The draft came and went and Smith was not taken in the first, or the second round by the Eagles. He was available at both the 4th and 35th pick, but the Eagles passed him up twice and Smith was taken with the 39th selection by the New York Jets. The Eagles stuck with Vick and Foles heading into the season, and drafted Matt Barkley in the 4th round. After a bizarre (shocking) preseason for the Jets that saw Mark Sanchez injured in relief action during one of the team’s exhibition, Smith was named the starter going into week 1. Fast-forward to week 7, many looked at the situations of both teams and one could not help and wonder if the Eagles had made a mistake. Smith had just out-dueled (relatively speaking) Tom Brady and led the Jets to a 30-27 overtime victory over the Patriots and had his team sitting at 4-3, breathing down the neck of New England. Meanwhile, the Eagles had just been handed a tall glass of reality, falling at home to the Cowboys 17-3. Nick Foles, in his second start since replacing an injured Michael Vick, had turned in his worst performance of his career, regressing substantially from his previous two games before bowing out due to a head injury. After gaining some momentum in the ‘quarterback of the future’ Nick Foles had almost completely fallen off the map as far as a legitimate option down the road. There was a contingency that effectively eliminated the Eagles as far as contention for 2013, and shifted their focus to what the Eagles would do to address the position in the offseason. There were even some that preferred a ‘tanking’ approach to try and slot the Eagles high enough to draft Oregon quarterback Marcus Mariota, who played a year under Kelly. With Foles on the shelf and the Eagles floundering for a second straight week against the Giants, some discussions swirled as to why the Eagles did not draft Geno Smith, who looked as if he was blossoming earlier than many expected.
Here we are at week 13 and, needless to say, the narrative has tilted just a bit. Team’s have adjusted to the Jets offensive approach with Smith at the helm, and the rookie has regressed as opponents continue to key in on his weaknesses. In his latest debacle, a home loss to the Dolphins, Smith was benched in favor of Matt Simms and the hero of the halfway point for New York had to watch his squad fall to a solid, but not spectacular Miami team. Smith has not thrown a touchdown since that week 7 win over New England. In the games since, he has thrown eight interceptions and reached double-digit completions just once. Smith’s Jets career is by no means over, but the enthusiasm brought to the organization when he did succeed has cooled off dramatically.
Meanwhile, back on the homefront, this is becoming a thing.
Peyton-like streak puts Eagles’ Nick Foles in MVP discussion http://t.co/H4j8fsohbq
— SN’s Vinnie Iyer (@vinnieiyer) December 2, 2013
For the record, this is premature and ridiculous, fun, but let’s be honest. Foles has played so far beyond expectations, but to even have him in the same stratosphere as the season Peyton Manning is having is not even worth the consideration. What Foles has done for himself, is put himself back in the good graces of the fanbase and organization. Barring some sort of cataclysmic collapse to the season, Foles has solidified himself as the probable choice as the franchise quarterback for the 2014 season at the very least. Should the Eagles quarterback continue to operate near the clip he’s currently at, one could even make an argument that, if healthy, he is the best option beyond 2014 as the quarterback linked to Chip Kelly. Foles has demonstrated enough ‘functional mobility’ to keep opponents’ honest with his legs, and has displayed a masterful control of Kelly’s passing offense, throwing for 19 touchdowns compared to zero interceptions during the 2013 season.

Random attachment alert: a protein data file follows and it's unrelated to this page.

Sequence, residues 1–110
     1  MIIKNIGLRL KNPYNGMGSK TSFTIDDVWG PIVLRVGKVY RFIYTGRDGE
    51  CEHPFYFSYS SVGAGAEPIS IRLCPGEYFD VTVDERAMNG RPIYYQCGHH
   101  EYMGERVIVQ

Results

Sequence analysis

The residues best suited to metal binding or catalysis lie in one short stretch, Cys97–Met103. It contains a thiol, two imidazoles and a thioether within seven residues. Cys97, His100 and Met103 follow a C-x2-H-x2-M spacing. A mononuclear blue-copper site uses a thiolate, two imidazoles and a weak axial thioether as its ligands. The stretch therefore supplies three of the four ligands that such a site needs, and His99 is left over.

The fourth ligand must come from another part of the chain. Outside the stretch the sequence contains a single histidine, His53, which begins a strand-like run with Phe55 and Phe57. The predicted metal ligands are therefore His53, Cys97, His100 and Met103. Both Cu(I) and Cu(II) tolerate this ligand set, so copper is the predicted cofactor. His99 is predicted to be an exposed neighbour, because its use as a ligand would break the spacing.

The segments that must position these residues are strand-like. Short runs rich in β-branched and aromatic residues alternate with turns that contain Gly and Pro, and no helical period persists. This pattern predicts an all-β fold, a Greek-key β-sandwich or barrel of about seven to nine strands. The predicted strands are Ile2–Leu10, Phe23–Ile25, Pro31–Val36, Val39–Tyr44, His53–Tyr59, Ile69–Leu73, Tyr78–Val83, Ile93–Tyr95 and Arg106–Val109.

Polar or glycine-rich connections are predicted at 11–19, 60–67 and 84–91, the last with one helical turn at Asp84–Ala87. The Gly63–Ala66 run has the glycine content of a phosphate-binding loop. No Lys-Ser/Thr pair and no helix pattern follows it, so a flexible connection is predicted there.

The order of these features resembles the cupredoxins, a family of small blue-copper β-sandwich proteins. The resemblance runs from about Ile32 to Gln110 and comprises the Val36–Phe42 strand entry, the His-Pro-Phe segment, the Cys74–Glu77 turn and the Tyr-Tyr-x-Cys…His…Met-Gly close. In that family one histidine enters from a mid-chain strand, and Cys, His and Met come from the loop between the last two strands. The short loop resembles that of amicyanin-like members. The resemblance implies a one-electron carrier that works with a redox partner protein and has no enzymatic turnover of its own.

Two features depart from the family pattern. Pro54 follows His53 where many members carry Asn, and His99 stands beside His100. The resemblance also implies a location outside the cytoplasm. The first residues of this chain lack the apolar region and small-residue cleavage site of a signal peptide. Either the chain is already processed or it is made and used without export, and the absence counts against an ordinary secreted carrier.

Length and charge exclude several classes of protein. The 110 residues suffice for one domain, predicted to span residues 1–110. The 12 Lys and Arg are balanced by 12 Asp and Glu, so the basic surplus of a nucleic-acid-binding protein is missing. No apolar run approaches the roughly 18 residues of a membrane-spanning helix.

So with the Eagles sitting at 7-5, tied for 1st in the division; and the Jets at 5-7, staring up from 3rd place in the AFC East one cannot help but reconsider the possibility that Geno Smith could have been an Eagle very easily. Honestly, I was shocked and a bit miffed when I saw Smith having success early on this season. More because people were praising Marty Morhinweg for putting together a uniquely simple offense that highlighted Smith’s strengths and masked his weaknesses. The way the Jets were playing seemed similar to some of the early Randall Cunningham-Buddy Ryan teams. Much like the current New York Jets, the late 1980s-early 1990s Eagles leaned more on their defense and a running game. Cunningham explained in the NFL Network Documentary, “The Football Life: Randall Cunningham” that Buddy Ryan only expected him to make a handful of plays over the course of the game and leave the rest to the other pieces of the team. For a while this season, that worked pretty well for the Jets. Rex Ryan, for all his critics, is still arguably the premiere defensive mind in the game and has a way of motivating teams that might not have the most talent. Now we see though, that Smith’s current shortcomings could not be masked long enough for a team as flawed as the Jets to maintain a playoff run. The league is so much more geared toward offense than it was during the Buddy Ryan years, that it is almost impossible to get by without at least competency at the position.